Henry Kaiser, a Werner Herzog Film Producer and Experimental Guitarist, Screens and Plays Along to Crazy Beautiful Shots of Under-the-Ice Antarctica

Even though he's played with the improvised music legends, appeared on more than 250 records, and lived in California all of his life, Henry Kaiser, whose under-the-Antarctic-ice shots can be seen in several Werner Herzog's films, says that he's 80 percent Antarctica research diver and 20 percent American experimental guitarist.

"In a strange way, I consider myself from Antarctica rather than from California, which is silly because nobody is from there," says Kaiser by phone from his place in Santa Cruz, where he's lived for the past two years after spending most of his life in the San Francisco Bay Area.

The 61-year-old first visited Antarctica in 2001 after procuring a National Science Foundation Antarctica Artists and Writers Program grant. Following the initial two-and-a-half month deployment, Kaiser, a former research diving instructor at the University of California, Berkeley, has returned to the South Pole nine additional times to shoot footage for motion pictures, engineers, biologists, and scientists.

"Before I started doing outreach, seal scientists had never dived before," says Kaiser, who will present his underwater video from 10 seasons of diving under the Ross Sea ice at 14 Pews on Thursday and Friday, November 14 and 15. "Underwater, the seals sound like 1950s electronic music. It's kind of like Forbidden Planet."

His gorgeous cinematography can be seen in Herzog's The Wild Blue Yonder as well as Encounters at the End of the World, which Kaiser produced and earned an Academy Award nomination. Kaiser and David Lindley (who has worked with Jackson Browne, Warren Zevon, Dolly Parton, and Curtis Mayfield) co-composed the score for Encounters; the just-released soundtrack will be available at Thursday's and Friday's concerts, which marks Kaiser's Houston debut.

The guitarist, who won a Grammy for the Stephen Foster retrospective compilation album Beautiful Dreamer, also produced the music components for Herzog's Grizzly Man.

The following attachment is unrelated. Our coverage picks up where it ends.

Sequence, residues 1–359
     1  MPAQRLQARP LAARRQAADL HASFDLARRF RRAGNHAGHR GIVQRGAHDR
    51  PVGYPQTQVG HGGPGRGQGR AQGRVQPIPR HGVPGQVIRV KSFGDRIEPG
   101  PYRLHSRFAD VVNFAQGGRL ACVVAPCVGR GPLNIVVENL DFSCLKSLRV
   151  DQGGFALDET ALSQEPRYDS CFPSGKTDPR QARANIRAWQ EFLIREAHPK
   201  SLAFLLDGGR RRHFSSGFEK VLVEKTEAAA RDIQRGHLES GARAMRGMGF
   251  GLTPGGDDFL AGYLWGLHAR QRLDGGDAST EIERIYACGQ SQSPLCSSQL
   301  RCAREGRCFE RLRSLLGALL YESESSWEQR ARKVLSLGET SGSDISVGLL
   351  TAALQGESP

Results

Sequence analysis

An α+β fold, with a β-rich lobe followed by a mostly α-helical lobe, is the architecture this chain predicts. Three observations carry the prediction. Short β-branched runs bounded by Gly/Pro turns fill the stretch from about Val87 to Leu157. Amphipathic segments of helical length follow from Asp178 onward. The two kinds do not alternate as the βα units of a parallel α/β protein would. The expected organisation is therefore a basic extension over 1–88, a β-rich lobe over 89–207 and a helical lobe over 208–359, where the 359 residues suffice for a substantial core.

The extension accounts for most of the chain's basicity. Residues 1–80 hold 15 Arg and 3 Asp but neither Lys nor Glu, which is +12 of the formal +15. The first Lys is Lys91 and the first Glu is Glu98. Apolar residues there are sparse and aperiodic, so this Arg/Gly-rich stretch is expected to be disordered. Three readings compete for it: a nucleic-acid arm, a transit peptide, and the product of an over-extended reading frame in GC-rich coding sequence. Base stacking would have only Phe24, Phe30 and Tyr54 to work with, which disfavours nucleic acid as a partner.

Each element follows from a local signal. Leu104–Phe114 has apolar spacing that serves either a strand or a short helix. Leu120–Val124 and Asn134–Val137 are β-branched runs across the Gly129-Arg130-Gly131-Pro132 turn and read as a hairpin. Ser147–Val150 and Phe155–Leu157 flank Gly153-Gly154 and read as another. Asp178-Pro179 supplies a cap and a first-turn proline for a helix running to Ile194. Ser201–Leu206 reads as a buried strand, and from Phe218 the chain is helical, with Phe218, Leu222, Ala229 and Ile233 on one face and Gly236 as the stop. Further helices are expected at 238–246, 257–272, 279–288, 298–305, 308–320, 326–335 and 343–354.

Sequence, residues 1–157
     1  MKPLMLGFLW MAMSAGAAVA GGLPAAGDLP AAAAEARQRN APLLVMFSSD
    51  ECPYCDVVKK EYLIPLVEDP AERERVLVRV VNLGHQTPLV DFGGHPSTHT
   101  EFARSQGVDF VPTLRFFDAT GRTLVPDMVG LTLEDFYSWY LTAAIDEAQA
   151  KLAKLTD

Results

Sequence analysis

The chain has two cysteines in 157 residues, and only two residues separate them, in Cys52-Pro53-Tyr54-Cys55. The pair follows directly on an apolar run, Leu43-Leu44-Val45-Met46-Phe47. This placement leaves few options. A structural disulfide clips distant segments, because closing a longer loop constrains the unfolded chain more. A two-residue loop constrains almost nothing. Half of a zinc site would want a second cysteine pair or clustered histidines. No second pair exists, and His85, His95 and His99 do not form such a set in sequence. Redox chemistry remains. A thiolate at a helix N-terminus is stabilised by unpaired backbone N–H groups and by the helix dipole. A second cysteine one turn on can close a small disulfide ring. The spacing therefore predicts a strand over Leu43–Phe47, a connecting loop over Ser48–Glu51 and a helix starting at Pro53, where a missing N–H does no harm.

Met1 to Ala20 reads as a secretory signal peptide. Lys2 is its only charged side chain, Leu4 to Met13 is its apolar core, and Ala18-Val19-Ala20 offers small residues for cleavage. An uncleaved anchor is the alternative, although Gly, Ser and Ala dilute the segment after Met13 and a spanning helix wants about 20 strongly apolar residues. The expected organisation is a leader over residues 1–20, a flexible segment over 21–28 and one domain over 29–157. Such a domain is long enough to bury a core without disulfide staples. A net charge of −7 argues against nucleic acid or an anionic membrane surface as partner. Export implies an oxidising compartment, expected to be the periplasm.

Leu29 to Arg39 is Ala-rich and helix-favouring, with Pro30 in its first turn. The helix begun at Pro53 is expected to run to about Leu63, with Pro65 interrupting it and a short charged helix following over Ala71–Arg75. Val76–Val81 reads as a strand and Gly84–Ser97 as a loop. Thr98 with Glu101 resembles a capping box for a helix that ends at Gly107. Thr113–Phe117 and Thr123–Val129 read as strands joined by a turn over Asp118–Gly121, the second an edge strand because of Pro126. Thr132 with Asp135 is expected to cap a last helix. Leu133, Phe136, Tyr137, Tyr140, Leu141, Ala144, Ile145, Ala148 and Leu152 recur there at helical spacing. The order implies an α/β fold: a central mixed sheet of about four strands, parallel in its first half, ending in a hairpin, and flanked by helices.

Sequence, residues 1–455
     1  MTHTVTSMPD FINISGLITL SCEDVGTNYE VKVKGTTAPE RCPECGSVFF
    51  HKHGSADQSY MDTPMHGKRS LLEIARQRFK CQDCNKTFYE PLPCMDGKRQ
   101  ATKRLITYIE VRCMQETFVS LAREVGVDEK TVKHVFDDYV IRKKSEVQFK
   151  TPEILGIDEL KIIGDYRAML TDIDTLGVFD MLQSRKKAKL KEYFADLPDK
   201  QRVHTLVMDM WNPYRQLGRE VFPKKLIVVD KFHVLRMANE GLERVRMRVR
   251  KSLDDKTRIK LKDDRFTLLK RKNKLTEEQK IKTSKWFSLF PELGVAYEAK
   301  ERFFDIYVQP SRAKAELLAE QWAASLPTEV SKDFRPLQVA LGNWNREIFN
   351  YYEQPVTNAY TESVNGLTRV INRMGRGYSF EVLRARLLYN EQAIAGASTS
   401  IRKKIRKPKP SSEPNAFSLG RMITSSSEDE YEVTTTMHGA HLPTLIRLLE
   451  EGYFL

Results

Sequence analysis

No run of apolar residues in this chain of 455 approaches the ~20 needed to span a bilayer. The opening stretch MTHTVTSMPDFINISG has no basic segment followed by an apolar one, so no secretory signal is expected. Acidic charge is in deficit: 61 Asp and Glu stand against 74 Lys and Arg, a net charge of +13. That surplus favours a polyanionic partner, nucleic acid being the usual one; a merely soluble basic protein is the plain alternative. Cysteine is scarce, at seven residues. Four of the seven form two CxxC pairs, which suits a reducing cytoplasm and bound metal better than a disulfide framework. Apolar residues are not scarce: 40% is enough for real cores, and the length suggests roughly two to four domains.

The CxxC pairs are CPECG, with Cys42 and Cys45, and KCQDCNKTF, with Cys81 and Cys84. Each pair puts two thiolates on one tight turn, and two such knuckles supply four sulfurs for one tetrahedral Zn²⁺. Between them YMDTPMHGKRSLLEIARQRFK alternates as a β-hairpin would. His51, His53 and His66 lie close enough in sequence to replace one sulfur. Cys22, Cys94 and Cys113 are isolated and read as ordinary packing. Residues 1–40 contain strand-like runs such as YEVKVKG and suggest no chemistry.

"It's like being in a science fiction novel that you read in junior high," says Kaiser about living and working in Antarctica. "There are all sorts of crazy people, interesting scenery, and giant challenges."

When Kaiser is on assignment, he lives in a field camp in McMurdo Station, which hosts folks working for the U.S. Antarctic science facilities. The McMurdo base also contains two music clubs that has played host to thrash, bluegrass, and blues bands. "I've played there before," says Kaiser. "Music people can dance to."

Most people know Kaiser as an accomplished guitarist who has played more straight-ahead fare with Lindley, Richard Thompson, and Wadada Leo Smith as well as left-of-field offerings with Sonny Sharrock, Fred Frith, Derek Bailey, Jim O'Rourke, and Rova Saxophone Quartet. Along with a prolific solo output, Kaiser has traveled to Madagascar and Norway and collaborated with musicians in those countries.

Damon Smith, a Houston bassist, visual artist, and 100 Creative who started playing with Kaiser approximately 20 years ago in the Oakland scene, says that Kaiser is a big deal because "he is one a of a very few first generation American free improvisors. He is also an extremely informed musician, something all scenes, Houston included, could use more of.

"He values improvisation beyond aesthetic principles," continues Smith. "He has pushed me into areas that no other musician has. In the early years, I would get uncomfortable. Now, I just trust his judgment."

At 8 p.m. Thursday, November 14, and Friday, November 15, Henry Kaiser will present his Antarctica videos at 14 Pews, 800 Aurora Street in the Heights. Kaiser will also play solo guitar and collaborate with Houston-based musicians, including Damon Smith, David Dove, Sandy Ewen, Ryan Edwards, Rebecca Novak, and Chris Nelson.

Cover charge for each evening is $10. For more information, see www.14pews.com and www.balancepointacoustics.com.

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